RA’s Daily Russian News Blast – May 24, 2010


TODAY: Chess federation loses home; Siberian authorities ban miners’ protest; promise to close suspect mines; new anti-corruption measures; Duma lawmakers complain about judiciary’s failure to comply with new economic crime law.  US drops Russia sanctions after Iran deal; Russian missile deal with Tehran apparently unaffected.  Defense to try lotteries; wobbling bridge; Soviet collectibles.

The Russian chess federation has been ousted from its headquarters after it refused to back the Kremlin-favored incumbent, Kalmyk President Kirsan Ilyumzhinov.  Siberian authorities have banned a march to be held by miners angered by the Raspadskaya mine explosions.  According to RFE/RL, the threat of industrial action by workers enraged by the events is ‘spooking the Kremlin, which has a long-standing fear of politicized miners’.  Officials in the Kemerovo region where the accident occurred have reportedly promised to close any unsafe mines.  Workers in the Altai Krai region have ended their hunger strike as they have started to receive their back pay.  The Moscow Times reports that Kremlin chief of staff Sergei Naryshkin has ordered a crack down on graft which will see gifting banned and bribe takers punished.  Apparently State Duma deputies have complained about judges’ lack of compliance with the law banning pretrial detention for those held on economic crimes. 

The US has removed sanctions against three Russian organizations that Washington had previously suggested were involved in helping Iran develop nuclear weapons.   A Russian senator has said that the sanctions against Iran would not affect Russian’s current contracts with Tehran.  US officials have also admitted that a loophole in the Security Council resolution means that the Russia-Iran missile sale will still be permitted to go through.  As part of the ongoing START weapons detente, the White House has agreed to inform other nations before it launches most ballistic missile tests or satellites; apparently it hopes Russia will follow its lead.  Russia’s drug enforcement chief Viktor Ivanov has apparently providedthe US with a list of notorious drug barons operating in Afghanistanand criticized NATO for not doing enough to stem the flow of opium.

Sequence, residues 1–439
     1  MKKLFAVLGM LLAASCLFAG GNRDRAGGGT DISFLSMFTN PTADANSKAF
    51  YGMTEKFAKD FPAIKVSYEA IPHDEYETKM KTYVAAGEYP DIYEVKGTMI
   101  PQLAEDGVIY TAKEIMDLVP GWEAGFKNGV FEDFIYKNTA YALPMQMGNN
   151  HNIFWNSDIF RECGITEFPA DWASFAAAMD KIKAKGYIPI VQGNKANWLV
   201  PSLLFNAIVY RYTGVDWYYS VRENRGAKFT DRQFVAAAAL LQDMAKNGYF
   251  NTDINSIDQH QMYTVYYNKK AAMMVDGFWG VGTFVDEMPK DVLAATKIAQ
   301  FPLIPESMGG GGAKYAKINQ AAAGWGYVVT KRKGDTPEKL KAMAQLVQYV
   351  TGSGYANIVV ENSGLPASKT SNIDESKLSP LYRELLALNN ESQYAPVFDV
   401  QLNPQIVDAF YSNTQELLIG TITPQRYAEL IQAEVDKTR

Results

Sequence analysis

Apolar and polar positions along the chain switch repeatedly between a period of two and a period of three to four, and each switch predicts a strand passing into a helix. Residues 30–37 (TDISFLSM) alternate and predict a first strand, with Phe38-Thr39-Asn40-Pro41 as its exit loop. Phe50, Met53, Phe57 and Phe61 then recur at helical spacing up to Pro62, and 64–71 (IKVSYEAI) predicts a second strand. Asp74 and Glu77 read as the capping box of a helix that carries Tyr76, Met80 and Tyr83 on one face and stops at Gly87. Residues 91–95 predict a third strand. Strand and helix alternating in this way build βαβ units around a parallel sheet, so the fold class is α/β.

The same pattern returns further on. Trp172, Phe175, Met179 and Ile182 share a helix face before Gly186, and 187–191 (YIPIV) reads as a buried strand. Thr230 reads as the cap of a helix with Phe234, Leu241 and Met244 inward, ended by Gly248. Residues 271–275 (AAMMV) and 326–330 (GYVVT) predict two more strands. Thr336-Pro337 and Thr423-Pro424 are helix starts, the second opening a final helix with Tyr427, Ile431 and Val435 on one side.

President Medvedev has said that 80% of the army’s cable communications lines are near obselete and must be replaced.  The defense ministry may use lotteries as a way of providing extra funds for the armed forces.  Apparently the Mistral may be setting sail for Russia imminently.

Another Russian infrastructure wobble.  The Guardian looks at Soviet artifact collector David King.  RFE/RL reflects on the life of writer and dissident Joseph Brodsky, who won the Nobel Prize for literature in 1987.

PHOTO:  Bridge that crosses the Volga River in Volgograd shown moving up and down, in this frame grab from Russian state television network.  (RU-RTR. AP / RU-RTR)